Netherlands, AlgaeLink announced a new process for extracting algae without using chemicals, drying or an oil press. The company said that its patent-pending technique uses 26 kilowatts of power to produce 12,000 gallons of algae oil per hour, with a yield of 50 percent from the initial algae paste.

In Texas, the state’s Emerging Technology Fund will provide $4 million to Texas AgriLife Research and General Atomics
to conduct microalgae research and development.

In Virginia, researchers at Old Dominion University have successfully piloted a project to produce biodiesel feedstock by growing algae at municipal sewage treatment plants. The pilot project is producing up to 70,000 gallons of biodiesel per year.

In Minnesota, Xcel Energy has pledged $150,000 to assist in funding an algae to biodiesel research project sponsored by the University and the Metropolitan Council.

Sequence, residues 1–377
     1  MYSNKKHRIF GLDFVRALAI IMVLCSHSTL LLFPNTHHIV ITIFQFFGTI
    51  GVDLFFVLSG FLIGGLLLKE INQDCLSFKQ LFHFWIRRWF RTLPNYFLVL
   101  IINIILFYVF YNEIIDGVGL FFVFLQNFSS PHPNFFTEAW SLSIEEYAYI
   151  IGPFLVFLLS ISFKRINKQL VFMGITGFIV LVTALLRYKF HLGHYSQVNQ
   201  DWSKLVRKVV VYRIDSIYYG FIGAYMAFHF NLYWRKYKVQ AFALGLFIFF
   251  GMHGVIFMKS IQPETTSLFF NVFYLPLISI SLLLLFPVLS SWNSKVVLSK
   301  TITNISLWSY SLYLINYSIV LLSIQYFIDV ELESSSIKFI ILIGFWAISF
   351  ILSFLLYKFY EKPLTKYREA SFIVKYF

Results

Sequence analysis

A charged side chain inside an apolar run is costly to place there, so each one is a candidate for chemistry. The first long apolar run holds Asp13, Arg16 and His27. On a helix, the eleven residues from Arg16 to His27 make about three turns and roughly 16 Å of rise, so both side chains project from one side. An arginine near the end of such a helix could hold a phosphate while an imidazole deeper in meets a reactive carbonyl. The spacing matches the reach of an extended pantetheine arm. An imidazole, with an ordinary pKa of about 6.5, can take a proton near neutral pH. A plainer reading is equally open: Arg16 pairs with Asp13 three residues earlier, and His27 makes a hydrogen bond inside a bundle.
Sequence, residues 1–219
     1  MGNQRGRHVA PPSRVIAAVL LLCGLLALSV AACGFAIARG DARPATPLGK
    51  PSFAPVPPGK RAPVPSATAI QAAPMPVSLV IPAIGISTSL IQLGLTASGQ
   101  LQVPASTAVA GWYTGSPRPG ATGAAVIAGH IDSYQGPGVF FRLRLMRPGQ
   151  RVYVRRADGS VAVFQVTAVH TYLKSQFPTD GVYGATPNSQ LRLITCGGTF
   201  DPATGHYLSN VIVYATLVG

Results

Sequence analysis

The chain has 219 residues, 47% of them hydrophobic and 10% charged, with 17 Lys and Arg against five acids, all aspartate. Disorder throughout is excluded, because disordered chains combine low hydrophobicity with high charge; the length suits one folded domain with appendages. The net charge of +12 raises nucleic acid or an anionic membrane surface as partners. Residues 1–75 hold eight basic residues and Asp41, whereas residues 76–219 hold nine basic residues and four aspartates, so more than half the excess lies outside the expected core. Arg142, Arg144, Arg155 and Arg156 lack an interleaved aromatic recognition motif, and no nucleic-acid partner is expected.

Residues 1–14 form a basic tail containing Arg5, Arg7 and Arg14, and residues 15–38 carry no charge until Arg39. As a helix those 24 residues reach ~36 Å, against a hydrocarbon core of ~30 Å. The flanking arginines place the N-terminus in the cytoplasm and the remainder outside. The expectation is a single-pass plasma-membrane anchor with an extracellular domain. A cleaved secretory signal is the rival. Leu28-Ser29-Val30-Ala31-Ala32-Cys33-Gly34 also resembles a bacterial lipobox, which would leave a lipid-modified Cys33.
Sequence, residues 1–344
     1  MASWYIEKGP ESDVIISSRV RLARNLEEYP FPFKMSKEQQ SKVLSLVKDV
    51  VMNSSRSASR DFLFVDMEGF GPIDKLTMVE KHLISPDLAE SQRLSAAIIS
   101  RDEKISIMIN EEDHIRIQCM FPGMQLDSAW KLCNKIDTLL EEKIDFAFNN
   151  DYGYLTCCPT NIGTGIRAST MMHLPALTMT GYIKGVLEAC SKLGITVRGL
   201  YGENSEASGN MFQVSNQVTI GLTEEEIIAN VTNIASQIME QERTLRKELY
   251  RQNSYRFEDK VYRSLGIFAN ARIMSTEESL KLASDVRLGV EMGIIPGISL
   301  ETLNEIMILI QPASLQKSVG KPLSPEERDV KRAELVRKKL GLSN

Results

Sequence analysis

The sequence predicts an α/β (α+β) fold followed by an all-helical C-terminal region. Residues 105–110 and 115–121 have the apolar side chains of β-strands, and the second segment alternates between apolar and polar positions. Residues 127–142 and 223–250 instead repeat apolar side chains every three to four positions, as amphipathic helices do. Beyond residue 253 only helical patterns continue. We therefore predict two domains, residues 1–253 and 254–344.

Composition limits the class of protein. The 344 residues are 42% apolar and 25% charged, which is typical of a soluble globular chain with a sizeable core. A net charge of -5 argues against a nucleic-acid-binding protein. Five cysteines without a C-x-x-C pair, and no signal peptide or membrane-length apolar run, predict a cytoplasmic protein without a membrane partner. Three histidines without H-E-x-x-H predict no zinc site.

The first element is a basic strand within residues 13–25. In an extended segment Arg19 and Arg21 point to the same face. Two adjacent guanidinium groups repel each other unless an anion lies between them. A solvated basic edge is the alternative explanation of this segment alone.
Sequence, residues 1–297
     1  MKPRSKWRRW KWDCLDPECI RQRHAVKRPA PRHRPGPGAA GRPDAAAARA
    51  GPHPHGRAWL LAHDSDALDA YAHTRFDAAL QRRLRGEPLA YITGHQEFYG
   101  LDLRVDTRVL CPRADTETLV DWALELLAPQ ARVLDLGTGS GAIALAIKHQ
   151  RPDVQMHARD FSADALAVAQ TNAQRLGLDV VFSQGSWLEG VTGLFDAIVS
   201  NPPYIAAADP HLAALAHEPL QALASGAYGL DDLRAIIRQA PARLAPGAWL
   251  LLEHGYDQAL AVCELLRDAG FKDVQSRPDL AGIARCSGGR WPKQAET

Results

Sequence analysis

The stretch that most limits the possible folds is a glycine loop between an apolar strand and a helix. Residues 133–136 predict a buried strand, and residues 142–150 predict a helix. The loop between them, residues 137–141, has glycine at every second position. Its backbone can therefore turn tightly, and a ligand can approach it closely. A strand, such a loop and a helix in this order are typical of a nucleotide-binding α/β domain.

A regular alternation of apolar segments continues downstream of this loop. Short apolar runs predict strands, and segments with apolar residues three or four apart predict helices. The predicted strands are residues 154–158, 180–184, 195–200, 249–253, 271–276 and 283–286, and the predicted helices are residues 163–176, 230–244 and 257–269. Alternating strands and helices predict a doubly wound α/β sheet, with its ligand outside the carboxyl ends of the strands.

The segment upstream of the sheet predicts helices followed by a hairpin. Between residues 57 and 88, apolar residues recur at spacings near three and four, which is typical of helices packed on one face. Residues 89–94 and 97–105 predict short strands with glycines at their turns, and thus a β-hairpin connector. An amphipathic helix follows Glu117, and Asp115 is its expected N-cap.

The US Department of Energy recently partnered with Chevron in a research effort to develop higher-yield strains of micro algae.  The Defense Advanced Research Projects Agency is working on a project with Honeywell, General Electric and the University of North Dakota.

In Texas, US Sustainable Energy is awaiting lab results from a test of biocrude production using 20 pounds of algae as a feedstock. The company recently ran its initial test of 20 pounds of 5% oil-content algae feedstock with 40 percent water content, and resulted in an ignitable oil product. This is just the tip of the iceberg.A lot more action is expected in the future.